PETA, Paul, Jesus, and an arson charge

From ANIMAL PEOPLE, July/August 1999:

A––Enlisting help from both Jesus and the
Beatles, People for the Ethical Treatment of
Animals scored a string of media hits against
meat-eating and fishing in early summer.
Thirty-three years after the late John
Lennon provoked the biggest uproar of the
Beatles’ career by speculating, after a Beatles
concert outdrew church attendence, that the
group might have become more popular than
Jesus, Paul McCartney emerged from mourning
his late wife Linda to announce the first
airing of a 15-second anti-fishing TV commercial
that Linda made for PETA shortly before
her death. The commercial was broadcast on
NBC during National Fishing Week.

Telling media he was escalating his
animal rights activity in Linda’s memory,
McCartney also announced a British Union for
the Abolition of Vivisection campaign against
testing household products on animals––reinforced
on June 30 when BUAV revealed
recent findings from an undercover investigation
at Harlan IK, in Belton, Leicestershire, a
leading breeder of beagles for laboratory use.
A 60-by-20-foot PETA billboard
proclaiming “Jesus was a vegetarian” meanwhile
stole the show at the Southern Baptists’
national convention in Atlanta, provoking
public debate over whether Jesus did or did not
eat meat. Greek translations of the Gospels
indicate that he did; other translations indicate
he did not. Prevailing scholarly belief is that
Jesus was strongly influenced by the Essenes,
a Jewish sect who were vegetarians.
PETA gained further mostly favorable
publicity after outdoor advertising firms
in Colorado, Kansas, Nebraska, Oklahoma,
and Texas rejected as too risque a billboard
showing a bikini-clad woman holding a string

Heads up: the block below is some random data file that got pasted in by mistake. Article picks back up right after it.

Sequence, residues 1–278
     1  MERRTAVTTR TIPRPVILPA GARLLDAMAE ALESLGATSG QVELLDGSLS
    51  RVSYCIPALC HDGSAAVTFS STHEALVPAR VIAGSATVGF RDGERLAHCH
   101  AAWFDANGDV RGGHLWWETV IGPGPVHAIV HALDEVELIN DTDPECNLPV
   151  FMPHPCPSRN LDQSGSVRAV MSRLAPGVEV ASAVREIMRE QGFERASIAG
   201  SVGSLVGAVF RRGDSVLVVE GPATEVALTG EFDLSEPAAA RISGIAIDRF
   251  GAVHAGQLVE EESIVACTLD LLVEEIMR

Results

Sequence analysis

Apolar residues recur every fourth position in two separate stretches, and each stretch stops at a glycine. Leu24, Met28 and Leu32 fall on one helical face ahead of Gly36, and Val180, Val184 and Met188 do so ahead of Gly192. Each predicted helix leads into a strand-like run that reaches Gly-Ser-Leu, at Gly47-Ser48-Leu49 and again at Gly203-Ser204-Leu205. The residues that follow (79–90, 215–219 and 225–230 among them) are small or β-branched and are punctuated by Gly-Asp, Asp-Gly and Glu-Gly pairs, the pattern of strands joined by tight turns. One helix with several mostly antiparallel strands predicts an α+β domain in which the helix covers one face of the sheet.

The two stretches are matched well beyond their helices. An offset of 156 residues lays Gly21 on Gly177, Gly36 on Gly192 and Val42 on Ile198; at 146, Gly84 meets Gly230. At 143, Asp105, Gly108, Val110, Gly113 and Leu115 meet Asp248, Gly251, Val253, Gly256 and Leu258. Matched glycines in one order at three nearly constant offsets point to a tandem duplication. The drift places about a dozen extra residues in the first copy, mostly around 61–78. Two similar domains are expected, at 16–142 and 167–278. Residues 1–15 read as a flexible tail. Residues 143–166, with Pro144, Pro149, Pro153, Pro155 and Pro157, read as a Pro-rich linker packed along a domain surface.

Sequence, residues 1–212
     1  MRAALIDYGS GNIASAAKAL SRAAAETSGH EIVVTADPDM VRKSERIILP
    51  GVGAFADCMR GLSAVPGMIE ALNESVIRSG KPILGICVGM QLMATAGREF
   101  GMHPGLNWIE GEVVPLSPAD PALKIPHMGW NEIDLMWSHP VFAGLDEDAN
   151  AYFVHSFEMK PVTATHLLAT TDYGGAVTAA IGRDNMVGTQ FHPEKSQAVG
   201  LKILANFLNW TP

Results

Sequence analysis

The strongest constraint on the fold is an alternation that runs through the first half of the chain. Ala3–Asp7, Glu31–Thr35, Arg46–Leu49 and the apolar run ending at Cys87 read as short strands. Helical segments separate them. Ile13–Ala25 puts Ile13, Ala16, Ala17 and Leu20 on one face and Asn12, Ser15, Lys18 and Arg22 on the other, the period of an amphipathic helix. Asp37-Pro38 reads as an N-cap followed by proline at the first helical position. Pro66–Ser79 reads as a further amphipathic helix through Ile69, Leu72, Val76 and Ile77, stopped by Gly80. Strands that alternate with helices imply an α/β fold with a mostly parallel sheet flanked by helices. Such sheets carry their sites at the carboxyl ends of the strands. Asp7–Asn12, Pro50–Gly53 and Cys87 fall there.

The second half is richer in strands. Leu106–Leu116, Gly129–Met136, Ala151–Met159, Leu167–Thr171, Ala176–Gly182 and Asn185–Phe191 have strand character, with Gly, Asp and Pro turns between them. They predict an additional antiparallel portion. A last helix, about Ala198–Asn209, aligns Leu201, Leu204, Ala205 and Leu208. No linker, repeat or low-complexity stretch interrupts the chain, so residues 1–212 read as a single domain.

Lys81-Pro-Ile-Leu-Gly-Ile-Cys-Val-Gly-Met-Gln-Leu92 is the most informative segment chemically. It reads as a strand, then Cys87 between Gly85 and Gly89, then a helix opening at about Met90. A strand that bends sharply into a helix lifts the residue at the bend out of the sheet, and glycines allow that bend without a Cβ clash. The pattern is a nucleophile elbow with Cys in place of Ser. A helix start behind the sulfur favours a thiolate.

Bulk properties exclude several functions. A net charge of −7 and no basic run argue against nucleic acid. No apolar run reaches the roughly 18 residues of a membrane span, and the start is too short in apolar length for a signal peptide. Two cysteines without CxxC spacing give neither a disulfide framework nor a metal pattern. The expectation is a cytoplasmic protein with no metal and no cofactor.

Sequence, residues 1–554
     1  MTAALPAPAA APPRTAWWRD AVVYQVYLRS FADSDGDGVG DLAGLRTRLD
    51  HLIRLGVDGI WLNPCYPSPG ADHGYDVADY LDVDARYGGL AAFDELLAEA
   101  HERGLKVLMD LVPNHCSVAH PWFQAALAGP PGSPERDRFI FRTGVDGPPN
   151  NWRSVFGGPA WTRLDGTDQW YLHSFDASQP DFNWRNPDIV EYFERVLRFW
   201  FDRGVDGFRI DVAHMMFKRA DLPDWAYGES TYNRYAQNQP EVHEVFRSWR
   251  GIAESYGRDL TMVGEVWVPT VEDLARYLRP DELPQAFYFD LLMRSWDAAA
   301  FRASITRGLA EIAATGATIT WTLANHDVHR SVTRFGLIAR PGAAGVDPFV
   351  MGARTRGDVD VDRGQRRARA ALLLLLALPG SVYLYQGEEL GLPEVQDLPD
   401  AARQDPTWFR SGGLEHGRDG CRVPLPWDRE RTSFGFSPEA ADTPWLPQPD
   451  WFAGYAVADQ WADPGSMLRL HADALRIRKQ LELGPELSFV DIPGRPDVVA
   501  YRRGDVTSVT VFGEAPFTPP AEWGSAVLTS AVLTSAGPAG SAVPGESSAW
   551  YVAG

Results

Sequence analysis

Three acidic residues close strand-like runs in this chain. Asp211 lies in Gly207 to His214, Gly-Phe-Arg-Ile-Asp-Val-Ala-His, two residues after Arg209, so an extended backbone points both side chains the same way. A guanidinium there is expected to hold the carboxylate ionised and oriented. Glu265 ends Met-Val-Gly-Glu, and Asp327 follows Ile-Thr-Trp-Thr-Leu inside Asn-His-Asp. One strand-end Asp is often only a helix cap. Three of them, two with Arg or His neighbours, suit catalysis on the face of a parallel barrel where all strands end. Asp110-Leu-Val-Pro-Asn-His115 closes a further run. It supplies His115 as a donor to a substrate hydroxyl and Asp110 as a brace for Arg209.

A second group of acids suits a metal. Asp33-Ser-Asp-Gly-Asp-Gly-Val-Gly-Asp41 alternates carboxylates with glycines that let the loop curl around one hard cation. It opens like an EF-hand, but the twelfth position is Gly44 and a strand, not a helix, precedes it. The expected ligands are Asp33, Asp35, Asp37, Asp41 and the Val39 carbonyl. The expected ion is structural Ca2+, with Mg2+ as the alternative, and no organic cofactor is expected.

of sausages, with a statement linking meateating
to impotence.
PETA drew additional sympathy
with an appeal to the U.S. Air Force to halt
barehanded rabbit killing as part of survival
training at the U.S. Air Force Academy in
Colorado Springs, Fairchild Air Force Base in
Spokane, the Marine Corps Mountain Warfare
Training Center in Bridgeport, California;
and the U.S. Army JFK Special Warfare
Center at Fort Bragg, North Carolina. The Air
Force Academy used 438 rabbits in such exercises
during June and July 1998, according to
records PETA obtained.
But PETA campaign literature likening
the treatment of animals in circuses to the
treatment of plantation slaves outraged Keith
W. Stokes, the Afro-American president of
the Chamber of Commerce in Newport
County, Rhode Island. As the controversy
expanded, Representative Patrick J. Kennedy
(D-R.I.) reinforced Stokes’ statements, and
the intended focus on the Newport County
Chamber of Commerce role in sponsoring an
appearance by the Clyde Beatty-Cole Bros.
Circus was largely lost.
Another PETA summer campaign
landed newly hired campaign staffer Timothy
Andrew Ray, 35, in jail, facing a potential
25-year prison term for felony arson. Ray was
arrested on June 10 for allegedly igniting hay
bales stacked in front of the main entrance to
the Iowa State Capitol in Des Moines, as part
of a PETA protest against the World Pork
Congress, underway nearby.
PETA spokesperson Dawn Carr told
Tom Alex of the Des Moines Register that the
fire was not a planned part of the protest, and
that she did not know Ray.
A day later, however, Carr posted a
$6,500 cash bond for Ray, whose bail was set
at $32,500.
Americans for Medical Progress
meanwhile pointed out that a similar hay-burning
incident occurred during a January 1999
PETA protest against the pork industry in
Washington D.C., at which 12 people were
arrested on relatively minor charges.
Judith Riddell Messimer, webmaster
for the St. Louis Animal Rights Team and
associate web designer for ANIMAL PEOP
L E, said Ray was a longtime St. Louis
vegan activist who had just moved from St.
Louis to Norfolk, Virginia, to take a job at
Ray’s identity was briefly unclear,
after Carr denied knowing him, as at least four
individuals named Tim Ray live near Norfolk.
Also believed to be in Virginia is
one Timothy Robert Ray, 40, alias Tommy
Burns, who was star witness for the prosecution
in the 1996-1997 convictions of 35 persons
in connection with killing horses––sometimes
by arson––to collect insurance money.

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